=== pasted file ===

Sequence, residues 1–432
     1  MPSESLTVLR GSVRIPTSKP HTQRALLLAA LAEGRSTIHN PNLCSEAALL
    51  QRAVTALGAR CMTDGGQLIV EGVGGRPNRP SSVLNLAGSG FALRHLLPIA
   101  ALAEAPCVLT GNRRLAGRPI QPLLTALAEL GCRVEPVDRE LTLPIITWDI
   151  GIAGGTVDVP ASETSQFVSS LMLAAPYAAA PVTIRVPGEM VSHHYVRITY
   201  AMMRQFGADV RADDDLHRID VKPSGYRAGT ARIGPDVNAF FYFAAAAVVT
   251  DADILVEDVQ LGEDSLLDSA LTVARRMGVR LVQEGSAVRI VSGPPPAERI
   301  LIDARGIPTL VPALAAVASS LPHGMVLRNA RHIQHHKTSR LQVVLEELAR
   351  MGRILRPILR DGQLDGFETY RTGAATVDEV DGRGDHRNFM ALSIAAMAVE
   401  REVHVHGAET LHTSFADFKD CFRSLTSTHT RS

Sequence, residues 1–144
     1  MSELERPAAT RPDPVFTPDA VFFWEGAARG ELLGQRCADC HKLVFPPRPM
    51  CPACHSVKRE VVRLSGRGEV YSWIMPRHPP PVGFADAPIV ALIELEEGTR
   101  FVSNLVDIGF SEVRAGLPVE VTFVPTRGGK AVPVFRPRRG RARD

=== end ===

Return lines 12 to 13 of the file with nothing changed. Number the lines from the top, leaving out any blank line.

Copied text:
     1  MSELERPAAT RPDPVFTPDA VFFWEGAARG ELLGQRCADC HKLVFPPRPM
    51  CPACHSVKRE VVRLSGRGEV YSWIMPRHPP PVGFADAPIV ALIELEEGTR